The behaviour is controlled via argument approximation and the simple heuristic is (length(x)>100 | frequency(x)>12), hence approximation takes a value TRUE if the length of the series is greater than $n = 100$, or there are more than 12 observations within each year. As you simulated series with $n = 500$ but did not specify a value for the approximation argument, you ran auto.arima() with approximation = TRUE. This explains the apparently erroneous selection of a model with larger AIC, AICc, and BIC than the simpler model you fitted with arima().

For your example 1, we should have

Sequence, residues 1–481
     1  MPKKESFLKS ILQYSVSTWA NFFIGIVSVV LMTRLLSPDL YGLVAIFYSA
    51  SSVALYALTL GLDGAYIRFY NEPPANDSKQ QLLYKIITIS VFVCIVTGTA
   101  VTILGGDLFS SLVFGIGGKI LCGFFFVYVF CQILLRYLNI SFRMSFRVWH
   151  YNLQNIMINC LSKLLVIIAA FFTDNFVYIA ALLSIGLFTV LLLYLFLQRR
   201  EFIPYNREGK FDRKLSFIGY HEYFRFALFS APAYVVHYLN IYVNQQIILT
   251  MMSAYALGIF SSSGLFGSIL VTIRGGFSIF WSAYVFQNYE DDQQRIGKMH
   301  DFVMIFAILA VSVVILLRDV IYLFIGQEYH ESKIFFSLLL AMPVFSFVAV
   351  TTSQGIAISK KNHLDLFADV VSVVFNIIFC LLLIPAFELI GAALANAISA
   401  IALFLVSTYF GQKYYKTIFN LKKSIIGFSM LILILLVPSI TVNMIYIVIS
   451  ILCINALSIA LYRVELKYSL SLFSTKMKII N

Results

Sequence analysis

> auto.arima(y, approximation = FALSE)
Series: y
ARIMA(0,0,1) with non-zero mean

Coefficients:
ma1  intercept
0.7166    19.9844
s.e.  0.0301     0.0797

sigma^2 estimated as 1.079:  log likelihood=-728.94
AIC=1463.87   AICc=1463.92   BIC=1476.52
> qa
Series: y
ARIMA(1,0,1) with non-zero mean

Coefficients:
ar1     ma1  intercept
0.0565  0.6890    19.9846
s.e.  0.0626  0.0456     0.0830

sigma^2 estimated as 1.078:  log likelihood=-728.53
AIC=1465.06   AICc=1465.14   BIC=1481.92

Hence auto.arima() has selected a more parsimonious model than the true model; an ARIMA(0, 0, 1) is chosen. But this is based on the information criteria and now they are in accordance; the selected model has lower AIC, AICc, and BIC, although the differences for AIC and AICc are small. At least now the selection is consistent with the norms for choosing models based on information criteria.